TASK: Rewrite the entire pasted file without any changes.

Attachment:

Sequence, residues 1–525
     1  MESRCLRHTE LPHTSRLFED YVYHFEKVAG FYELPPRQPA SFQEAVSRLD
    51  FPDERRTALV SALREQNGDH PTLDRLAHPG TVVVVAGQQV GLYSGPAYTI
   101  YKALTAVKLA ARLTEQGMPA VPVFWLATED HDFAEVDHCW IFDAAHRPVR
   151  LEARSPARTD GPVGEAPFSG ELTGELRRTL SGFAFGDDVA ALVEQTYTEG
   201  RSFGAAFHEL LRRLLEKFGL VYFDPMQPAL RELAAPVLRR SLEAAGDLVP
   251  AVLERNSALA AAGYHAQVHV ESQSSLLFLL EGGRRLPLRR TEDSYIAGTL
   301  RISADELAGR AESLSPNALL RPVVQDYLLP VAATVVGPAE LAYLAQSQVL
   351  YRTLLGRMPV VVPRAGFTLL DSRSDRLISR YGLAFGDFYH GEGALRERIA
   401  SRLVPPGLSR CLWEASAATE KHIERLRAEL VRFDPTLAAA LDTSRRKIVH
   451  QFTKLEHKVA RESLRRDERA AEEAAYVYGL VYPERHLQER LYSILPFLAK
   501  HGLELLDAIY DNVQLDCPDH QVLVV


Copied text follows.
Sequence, residues 1–525
     1  MESRCLRHTE LPHTSRLFED YVYHFEKVAG FYELPPRQPA SFQEAVSRLD
    51  FPDERRTALV SALREQNGDH PTLDRLAHPG TVVVVAGQQV GLYSGPAYTI
   101  YKALTAVKLA ARLTEQGMPA VPVFWLATED HDFAEVDHCW IFDAAHRPVR
   151  LEARSPARTD GPVGEAPFSG ELTGELRRTL SGFAFGDDVA ALVEQTYTEG
   201  RSFGAAFHEL LRRLLEKFGL VYFDPMQPAL RELAAPVLRR SLEAAGDLVP
   251  AVLERNSALA AAGYHAQVHV ESQSSLLFLL EGGRRLPLRR TEDSYIAGTL
   301  RISADELAGR AESLSPNALL RPVVQDYLLP VAATVVGPAE LAYLAQSQVL
   351  YRTLLGRMPV VVPRAGFTLL DSRSDRLISR YGLAFGDFYH GEGALRERIA
   401  SRLVPPGLSR CLWEASAATE KHIERLRAEL VRFDPTLAAA LDTSRRKIVH
   451  QFTKLEHKVA RESLRRDERA AEEAAYVYGL VYPERHLQER LYSILPFLAK
   501  HGLELLDAIY DNVQLDCPDH QVLVV